Originally posted at CA Fwd.
By Christopher Nelson.
The time between when the three judge panel ordered California to dramatically reduce its state prison population to when AB 109 went into effect was quick by any measure, especially for something of this magnitude.
Naturally, some counties have fared better than others with the thousands of non-violent, non-sexual and non-serious criminal offenders sent back to county jails. But according to a study commissioned by Californians for Safety and Justice and released last month by the JFA Institute, there is one county that already had so many cultural and institutional elements in line that is has risen above the rest and serves as a model for how realignment should be implemented. That county is Contra Costa.
“I think it would be fair to say we came from a unique position from the very beginning,” said Philip Kader, Chief of Contra Costa County Probation and by virtue of that title, chair of the Community Corrections Partnership (CCP) that allocates AB 109 funding throughout the county.
In many ways, Contra Costa doesn’t differ too much from other California counties. It has a population of about 1 million, making it the 9th largest county in the state. Its crime rate is about on par with the rest of the state, lest anyone think that a smaller Northern California county might be exempt from some of the troubles that plague its larger brethren down south.
But it differs in one major way: a culture of mutual respect exists between probation, sheriff, the district attorney and public defender without which Contra Costa would not be able to achieve the astounding statistical success it has seen since 2010.
“The bench is very interested in being collaborative,” Kader said. It’s a luxury for a chief of probation and a major reason why Contra Costa’s rate of split sentences is currently above 90 percent (by far the highest of all 58 counties).
Without such a high level of faith in probation’s ability to deliver the necessary services and supervision to offenders with, the judicial sector of a county is far less likely to pursue split sentence and will instead opt for straight ones that offer no post-release supervision or treatment options whatsoever.
“As an example, soon after AB 109 was passed, the agencies met to review what would be the best approaches, based on evidence, to managing the influx of new county jail inmates,” the report states. “Based on the decisions made in the early meetings of the key agencies, there was a consensus that maximizing the use of ‘split sentencing’ and contracted treatment services would be the desired strategy.”
According to the report, the county allocated about 60 percent of its AB 109 funds to “programs and services designed to assists people convicted of crimes,” including health services. There is also a focus on guided reentry, which is made possible by the high rate of split sentences.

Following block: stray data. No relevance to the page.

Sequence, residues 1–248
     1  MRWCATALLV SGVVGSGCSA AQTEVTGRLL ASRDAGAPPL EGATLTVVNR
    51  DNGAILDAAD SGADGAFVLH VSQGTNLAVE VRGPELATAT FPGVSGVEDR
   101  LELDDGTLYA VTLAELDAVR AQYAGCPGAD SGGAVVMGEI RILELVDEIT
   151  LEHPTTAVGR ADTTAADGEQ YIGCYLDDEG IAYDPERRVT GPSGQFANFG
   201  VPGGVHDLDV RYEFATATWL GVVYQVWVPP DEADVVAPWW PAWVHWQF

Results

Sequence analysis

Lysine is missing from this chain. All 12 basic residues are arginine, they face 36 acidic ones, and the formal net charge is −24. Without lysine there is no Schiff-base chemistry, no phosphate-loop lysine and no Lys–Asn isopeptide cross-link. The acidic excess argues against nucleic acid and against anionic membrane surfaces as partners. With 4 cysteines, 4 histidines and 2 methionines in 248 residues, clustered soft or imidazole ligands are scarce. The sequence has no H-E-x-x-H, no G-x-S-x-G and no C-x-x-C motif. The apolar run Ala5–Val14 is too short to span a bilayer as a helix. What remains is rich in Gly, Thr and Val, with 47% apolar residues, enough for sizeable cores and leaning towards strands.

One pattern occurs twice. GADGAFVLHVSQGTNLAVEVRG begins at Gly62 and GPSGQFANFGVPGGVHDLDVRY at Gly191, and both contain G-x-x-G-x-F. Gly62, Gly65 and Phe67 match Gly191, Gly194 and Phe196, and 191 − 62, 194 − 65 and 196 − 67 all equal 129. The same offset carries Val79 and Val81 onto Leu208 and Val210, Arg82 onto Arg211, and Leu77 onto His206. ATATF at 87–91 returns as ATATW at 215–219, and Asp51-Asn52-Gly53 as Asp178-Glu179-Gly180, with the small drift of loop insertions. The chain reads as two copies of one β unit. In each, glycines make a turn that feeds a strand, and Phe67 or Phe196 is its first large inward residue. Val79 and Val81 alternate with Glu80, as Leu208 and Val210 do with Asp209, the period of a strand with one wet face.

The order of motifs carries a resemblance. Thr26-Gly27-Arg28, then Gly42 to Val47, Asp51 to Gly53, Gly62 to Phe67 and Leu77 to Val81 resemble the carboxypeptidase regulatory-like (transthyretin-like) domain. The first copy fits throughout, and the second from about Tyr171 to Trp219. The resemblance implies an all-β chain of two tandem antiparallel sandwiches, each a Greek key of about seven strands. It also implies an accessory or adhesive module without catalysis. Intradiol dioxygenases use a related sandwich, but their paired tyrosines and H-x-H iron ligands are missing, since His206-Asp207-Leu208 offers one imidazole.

The emphasis on providing these services not only help prevent recidivism on people leaving jails, it also keeps more out of prison and jail to begin with. The county’s per capita jail population and rate at which they send offenders to state prisons are well below state averages.
“If other California counties would behave like Contra Costa, the state prison population would be roughly half of what it is today,” said Dr. James Austin, architect of the study.
“Contra Costa has a culture of trying to keep people locally, they just don’t seem to have an interest in sending their problems to state agencies,” he said to explain both their low rate of prison disposition rate and high usage of split sentencing. “As a result, their jail population hasn’t grown a bit under AB 109.”
There are several takeaways here. Contra Costa was already in a good position before AB 109 ever went into effect. Once it happened, they were able to excel at implementation and keep their jail populations at pre-realignment levels through having a strong culture of collaboration among all key players in the justice system and specifically a well-respected probation department that has proven itself capable of delivering the evidence based services that are proven alternatives to incarceration.
Other counties can’t simply manifest a different culture because they desire one, but it’s clear Contra Costa has a model that works in the 9th largest county of 58 in the state. The admiration for Chief Kader’s work even extends to the County Board of Supervisors.
“Too frequently government is criticized when things go wrong without getting credit when positive change happens. Under very difficult circumstances and challenges, and special efforts to collaborate across different county agencies, we have a success story that deserves to be told,” said Supervisor Karen Mitchoff, Chair of the Contra Costa County Board of Supervisors. “I applaud Chief Kader’s leadership at the Probation Department.”
You can read the report in full by clicking here.